As the coronavirus has become a rather unwelcome subject in our daily lives, vaccination statistics in Hungary are everyone’s interest. Based on the latest statistics provided by the European Union, Hungary’s main vaccine used for inoculation is that of Pfizer-BioNTech, used 665,873 times. China’s Sinopharm vaccine is second at 158,062 inoculations, but its available supply is almost four times that of Pfizer.
The Hungarian government has not shared a lot regarding the total amount of available vaccines, how many vaccines have arrived so far, what types of vaccines are being used the most, or how many vaccines are available in total.
Furthermore, the daily coronavirus reports on koronavirus.gov.hu only shares the number of people who have received their first and second vaccinations.
Despite its secretiveness, the operative board is required to tell the European Union at least twice a week which vaccines have been administered, and how many they currently have available.
Pfizer Most Prevalent, Sinopharm Catching Up
According to the European Centre for Disease Prevention and Control the Pfizer-BioNTech vaccine has been used the most by far, with a total of 665,873 inoculations, and another 108,667 doses in storage.
Sinopharm is in a strong second place. Its 158,062 inoculations appear minimal compared to Pfizer’s numbers, but its 391,938 available doses may, in the near future, make it more prevalent than the vaccine authorized by the union.
Third is AstraZeneca with 83,556 vaccinations and 160,744 doses available, followed by Moderna with 22,912 vaccinations and 57,488 doses available.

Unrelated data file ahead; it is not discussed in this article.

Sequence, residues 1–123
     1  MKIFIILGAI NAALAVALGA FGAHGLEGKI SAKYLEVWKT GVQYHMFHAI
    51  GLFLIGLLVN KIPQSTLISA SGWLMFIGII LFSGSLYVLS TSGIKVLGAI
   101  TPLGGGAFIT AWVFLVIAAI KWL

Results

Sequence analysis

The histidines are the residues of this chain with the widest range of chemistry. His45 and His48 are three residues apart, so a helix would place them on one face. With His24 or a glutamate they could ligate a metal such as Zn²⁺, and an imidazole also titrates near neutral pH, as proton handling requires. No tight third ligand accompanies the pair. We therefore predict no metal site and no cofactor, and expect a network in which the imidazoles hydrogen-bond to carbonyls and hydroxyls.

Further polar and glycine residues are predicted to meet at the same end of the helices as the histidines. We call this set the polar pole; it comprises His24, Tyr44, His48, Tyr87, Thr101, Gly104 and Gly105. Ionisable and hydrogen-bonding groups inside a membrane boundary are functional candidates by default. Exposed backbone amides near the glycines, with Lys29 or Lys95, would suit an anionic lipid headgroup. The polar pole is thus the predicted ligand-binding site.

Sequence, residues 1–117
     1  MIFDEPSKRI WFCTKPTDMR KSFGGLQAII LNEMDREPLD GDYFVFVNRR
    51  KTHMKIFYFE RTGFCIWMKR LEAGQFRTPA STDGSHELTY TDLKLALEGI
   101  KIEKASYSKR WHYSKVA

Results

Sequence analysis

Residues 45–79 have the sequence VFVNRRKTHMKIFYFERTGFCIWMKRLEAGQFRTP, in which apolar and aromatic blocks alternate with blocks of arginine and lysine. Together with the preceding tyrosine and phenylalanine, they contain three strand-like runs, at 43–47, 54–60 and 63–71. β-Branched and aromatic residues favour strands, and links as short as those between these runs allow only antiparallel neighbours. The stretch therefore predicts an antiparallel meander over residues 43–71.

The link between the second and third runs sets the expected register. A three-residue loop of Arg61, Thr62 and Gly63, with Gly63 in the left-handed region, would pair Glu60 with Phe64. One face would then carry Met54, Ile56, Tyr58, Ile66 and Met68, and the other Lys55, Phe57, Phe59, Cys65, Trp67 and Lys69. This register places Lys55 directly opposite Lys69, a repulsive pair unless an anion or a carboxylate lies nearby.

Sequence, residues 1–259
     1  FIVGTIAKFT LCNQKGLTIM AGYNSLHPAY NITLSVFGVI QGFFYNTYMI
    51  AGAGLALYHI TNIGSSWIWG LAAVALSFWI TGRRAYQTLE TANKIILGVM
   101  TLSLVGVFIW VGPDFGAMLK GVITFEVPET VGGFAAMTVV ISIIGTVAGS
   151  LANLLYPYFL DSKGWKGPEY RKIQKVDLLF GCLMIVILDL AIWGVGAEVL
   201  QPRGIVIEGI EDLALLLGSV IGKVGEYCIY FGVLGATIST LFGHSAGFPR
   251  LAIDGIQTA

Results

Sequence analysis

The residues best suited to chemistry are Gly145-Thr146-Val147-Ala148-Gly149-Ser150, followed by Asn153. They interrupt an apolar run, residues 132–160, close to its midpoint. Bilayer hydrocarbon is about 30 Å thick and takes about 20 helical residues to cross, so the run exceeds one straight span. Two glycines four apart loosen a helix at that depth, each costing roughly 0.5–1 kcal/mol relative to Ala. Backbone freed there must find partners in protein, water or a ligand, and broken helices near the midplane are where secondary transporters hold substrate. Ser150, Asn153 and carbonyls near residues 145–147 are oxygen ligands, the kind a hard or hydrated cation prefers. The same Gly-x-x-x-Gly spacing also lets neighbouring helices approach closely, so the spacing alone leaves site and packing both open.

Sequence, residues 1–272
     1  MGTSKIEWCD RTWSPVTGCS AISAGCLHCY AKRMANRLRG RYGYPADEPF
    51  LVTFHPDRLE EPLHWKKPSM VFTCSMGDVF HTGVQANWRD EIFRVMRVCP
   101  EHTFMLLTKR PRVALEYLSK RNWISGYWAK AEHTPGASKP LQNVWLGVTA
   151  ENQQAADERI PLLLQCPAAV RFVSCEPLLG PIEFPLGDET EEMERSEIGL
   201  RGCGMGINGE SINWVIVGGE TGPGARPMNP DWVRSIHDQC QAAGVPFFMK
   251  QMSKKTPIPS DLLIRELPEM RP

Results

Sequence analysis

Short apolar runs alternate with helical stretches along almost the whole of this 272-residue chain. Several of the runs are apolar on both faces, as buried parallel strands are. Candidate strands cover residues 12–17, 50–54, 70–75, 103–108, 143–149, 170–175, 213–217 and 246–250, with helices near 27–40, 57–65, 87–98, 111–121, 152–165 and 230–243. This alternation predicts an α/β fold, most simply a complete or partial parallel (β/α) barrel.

Sputnik V appears last in line with 19,582 vaccinations and 26,418 doses in storage, but this also means that the Hungarian government has not yet reported the 100 thousand Sputnik V vaccines which arrived on February 23.
Based on these statistics, 56.04 percent of Hungary’s total vaccines have been administered, while 42.96 percent are currently in storage, available for use.
The Elderly Have Been Given Priority
With regards to the amount of people who have received their first dose, 35.5 percent of those above the age of 80 have been inoculated, followed by 16.6 percent of those between 70 and 79.
9.7 percent of people between 60 and 69 have been vaccinated, slightly less than the 10.3 percent of those between 50 and 59. Finally, 4.1 percent of those between 25 and 49, and 2.3 percent of those between 18 and 24 have been vaccinated.
The amount of people who received their second dose of a vaccine is significantly less. 9.2 percent of people above 80 have received their second inoculation, while all other age groups sit between 1.6 and 3.9 percent.
Hungary Is Performing Well Globally
According to government statistics, 1,002,714 people have received their first jab of a vaccine in Hungary. When the number of people who received their second jab is added to this, the number grows to 1,254,377. According to Oxford University’s statistics, 289.4 million doses of the vaccine have been administered globally.
This would make Hungary the 12th most vaccinated country in the world, as 10 percent of its population has received their first dose, and 4.1 percent their second.
Large numbers of vaccines will continue to arrive in Hungary. Hungary has increased its order of the Pfizer-BioNTech vaccine from 6.5 million to 10 million 870 thousand. The government has also shared that the single-jab Johnson and Johnson vaccine will soon be brought to Europe.
Hungary has also changed its approach to prioritize single jab vaccinations. This will bring Hungary’s population closer to mass vaccination for Easter, but could have negative consequences to immunity, since the guarantee of immunity is significantly greater with a second inoculation.
The new approach is very ambitious, but backfired over the weekend, when vaccinations went out of the government’s control due to logistical and communicative errors. It is possible that during the current lockdown, the government will take a step back to reevaluate effective options for Hungary’s vaccination program.
Featured photo illustration by Tibor Rosta/MTI